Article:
-So you gonna do that for me kid? They aint gonna find out, they aint even lookin! The wino gestured towards the rows of desk behind the glass. All the cops were hunched over them, not paying attention to us or anybody else. Some were on the phone, some were typing, some just sat staring at the pieces of paper in front of them. The Spanish guy next to me said something I didn’t catch so I turned back around. –I need you to do something for me, he said. He was serious, so I didn’t smile; I just looked at him and waited. –I need you to reach into my inside pocket and take out what’s in there. Then put it in the rip that’s at the bottom. He stood up and I looked at his coat. –Unzip it, he said, then he looked at the door and back to me nervously then he looked at the door again. I unzipped his coat and pulled out what was in the inside pocket, a huge stack of money, a few thousand dollars at least, folded into a rubber band. Then a small baggy of white powder. I put it into the rip at the bottom of his coat. -Push it all the way in, he urged. I pushed it deeper, till it was lost in the lining. –Thanks. He sat back down.

-Come on man! Aint nobody gonna see you! The winos still wanted their beers. I sighed and shrugged my shoulders. –All right, watch the door for me. I was being insane, it was a moment of madness, and the sunlight and the florescent bulbs burned the room into white blur. I leaned from the bench and stretched my arm behind the glass. A police officer walked from his desk to another. I reached into the bag and felt clothes and plastic and maybe a handheld radio. Another police officer turned his chair to talk to someone across the room. My hands felt the bottles; I slid the necks between my fingers and pulled them cautiously from behind the counter. An officer hung up the phone and continued looking down at his desk. I rolled the bottles one by one along the floor to the winos and they made a tinny clicking sound the whole way but no one noticed.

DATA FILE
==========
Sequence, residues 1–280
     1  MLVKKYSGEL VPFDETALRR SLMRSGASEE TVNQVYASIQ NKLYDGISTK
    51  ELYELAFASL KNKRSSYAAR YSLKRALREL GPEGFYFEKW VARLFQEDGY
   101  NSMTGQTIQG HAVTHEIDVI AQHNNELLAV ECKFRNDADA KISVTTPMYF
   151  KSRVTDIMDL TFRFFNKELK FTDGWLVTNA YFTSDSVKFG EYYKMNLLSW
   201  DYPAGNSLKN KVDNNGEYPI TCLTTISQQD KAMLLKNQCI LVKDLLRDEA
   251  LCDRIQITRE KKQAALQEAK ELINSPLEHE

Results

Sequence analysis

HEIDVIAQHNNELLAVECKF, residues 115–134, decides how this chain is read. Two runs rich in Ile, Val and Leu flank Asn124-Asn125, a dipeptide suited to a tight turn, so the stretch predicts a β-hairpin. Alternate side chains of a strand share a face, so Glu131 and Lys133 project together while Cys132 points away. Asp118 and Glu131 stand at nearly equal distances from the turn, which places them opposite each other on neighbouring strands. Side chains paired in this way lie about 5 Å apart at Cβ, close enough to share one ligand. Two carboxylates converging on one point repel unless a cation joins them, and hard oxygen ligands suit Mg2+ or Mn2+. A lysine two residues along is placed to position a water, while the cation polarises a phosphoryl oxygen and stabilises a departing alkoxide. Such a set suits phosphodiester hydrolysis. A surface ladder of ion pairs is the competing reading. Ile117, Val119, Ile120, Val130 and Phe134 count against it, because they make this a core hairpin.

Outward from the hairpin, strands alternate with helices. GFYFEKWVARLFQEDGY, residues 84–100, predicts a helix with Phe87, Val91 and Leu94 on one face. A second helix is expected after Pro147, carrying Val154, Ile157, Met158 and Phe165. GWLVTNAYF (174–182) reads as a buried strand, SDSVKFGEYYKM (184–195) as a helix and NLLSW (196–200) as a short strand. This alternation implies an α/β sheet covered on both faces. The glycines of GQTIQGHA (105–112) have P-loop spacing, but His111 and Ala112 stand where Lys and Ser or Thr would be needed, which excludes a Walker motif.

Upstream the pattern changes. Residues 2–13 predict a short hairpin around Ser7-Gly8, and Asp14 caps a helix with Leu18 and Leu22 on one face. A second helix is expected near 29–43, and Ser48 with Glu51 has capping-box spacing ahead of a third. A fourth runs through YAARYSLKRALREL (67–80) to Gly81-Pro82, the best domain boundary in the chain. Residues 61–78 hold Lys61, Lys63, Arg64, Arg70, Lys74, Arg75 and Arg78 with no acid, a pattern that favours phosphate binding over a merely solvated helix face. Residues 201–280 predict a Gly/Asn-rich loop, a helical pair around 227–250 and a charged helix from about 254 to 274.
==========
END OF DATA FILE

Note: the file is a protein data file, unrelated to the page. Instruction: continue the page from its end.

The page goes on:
-Hot damn! one of them said, you alright boy! I sat back feeling pleased. The Spanish guy just looked at the floor as if we weren’t even there and seeing him made me stop smiling and sit back against the wall. I thought about what I would say to the cops when they questioned me. I wondered what Marcos was saying. One of the winos opened their beer and lifted it up in salute before taking a swig and then sliding it into his pocket. The other threw his head back and chugged it all at once. The sun must have sunk somewhere behind the hills because by the time the cops opened the door there were shadows all over the walls around us. True story.

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Creative Commons License
:gray matters: by jkg is licensed under a Creative Commons Attribution-No Derivative Works 3.0 United States License.
Based on a work at downtownalleys.blogspot.com.